Lincoln greets some troops after the Battle of Antietam in September 1862. General McClernand stands far right while Lincoln faces Gen. George McClellan (middle). McClellan, who was not fond of the president, would run against Lincoln in the 1864 presidential election.

Lincoln with McClellan after Antietam. Antietam was the first major Civil War battle to happen on Union soil. It was the bloodiest single-day battle in American history: 23,000 casualties and over 3,500 killed.

Lincoln sits with his private secretaries, John Nicolay (left) and John Hay (right), on November 8, 1863. Hay wrote in his diary that it was the best picture of the President he had ever seen.

Lincoln before giving the Gettysburg Address on November 19, 1863. He’s the hatless one in the very middle. Lincoln’s famous speech was only 10 sentences long.

Lincoln walks to the podium to give the Gettysburg Address. Lincoln appears to be the figure in the middle, his iconic stovepipe hat peeping over the crowd, though other historians believe Lincoln is elsewhere in the crowd.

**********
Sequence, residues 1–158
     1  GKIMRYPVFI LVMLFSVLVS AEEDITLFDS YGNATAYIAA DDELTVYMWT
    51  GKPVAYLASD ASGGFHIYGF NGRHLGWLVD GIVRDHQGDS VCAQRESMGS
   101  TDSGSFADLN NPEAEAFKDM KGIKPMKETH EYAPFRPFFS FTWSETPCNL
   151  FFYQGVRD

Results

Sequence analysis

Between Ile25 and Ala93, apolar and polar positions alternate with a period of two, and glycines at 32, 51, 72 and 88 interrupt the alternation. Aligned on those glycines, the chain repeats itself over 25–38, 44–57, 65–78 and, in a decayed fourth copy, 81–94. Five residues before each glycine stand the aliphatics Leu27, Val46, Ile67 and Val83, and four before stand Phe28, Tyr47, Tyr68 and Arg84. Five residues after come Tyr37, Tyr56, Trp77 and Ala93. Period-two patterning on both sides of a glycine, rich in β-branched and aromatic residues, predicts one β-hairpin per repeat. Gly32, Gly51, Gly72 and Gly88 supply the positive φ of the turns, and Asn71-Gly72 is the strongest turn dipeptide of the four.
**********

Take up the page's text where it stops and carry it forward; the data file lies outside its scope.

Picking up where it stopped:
Lincoln addresses the crowd at his second inauguration ceremony in January March 1865.

Here’s a close-up, as Lincoln reads from the podium.

It’s 1865, and Abe sports a frazzled hairdo that’s a wee bit ahead of his time. It’s believed that Lincoln combed his hair high in this picture because he had a life mask appointment.

Lincoln with his son, Tad, in 1865. By this time, Lincoln had already lost his son Willie to typhoid.

Lincoln reads with his son, Tad, in February 1865. This is the only known picture of Lincoln wearing spectacles. It’s also no surprise that Lincoln is holding a book. Lincoln had only one year of schooling, but his deep love of reading catapulted him ahead of his formally educated competitors.

This is Lincoln’s last portrait, purportedly taken on April 10, 1865—one week before his assassination. It’s also one of the few portraits that shows Lincoln grinning.

Lincoln was shot April 14, 1865, at Ford’s Theater. Lincoln’s body toured the US for three weeks. The funeral train stopped in New York on April 25 and was displayed in City Hall, shown here.

Lincoln’s hearse proceeds through New York City. The house on the left corner is the home of Cornelius Roosevelt, the grandfather of Teddy Roosevelt. You can see Teddy and his brother, Elliott, peering out the shuttered window on the second story.

Lincoln’s Hearse.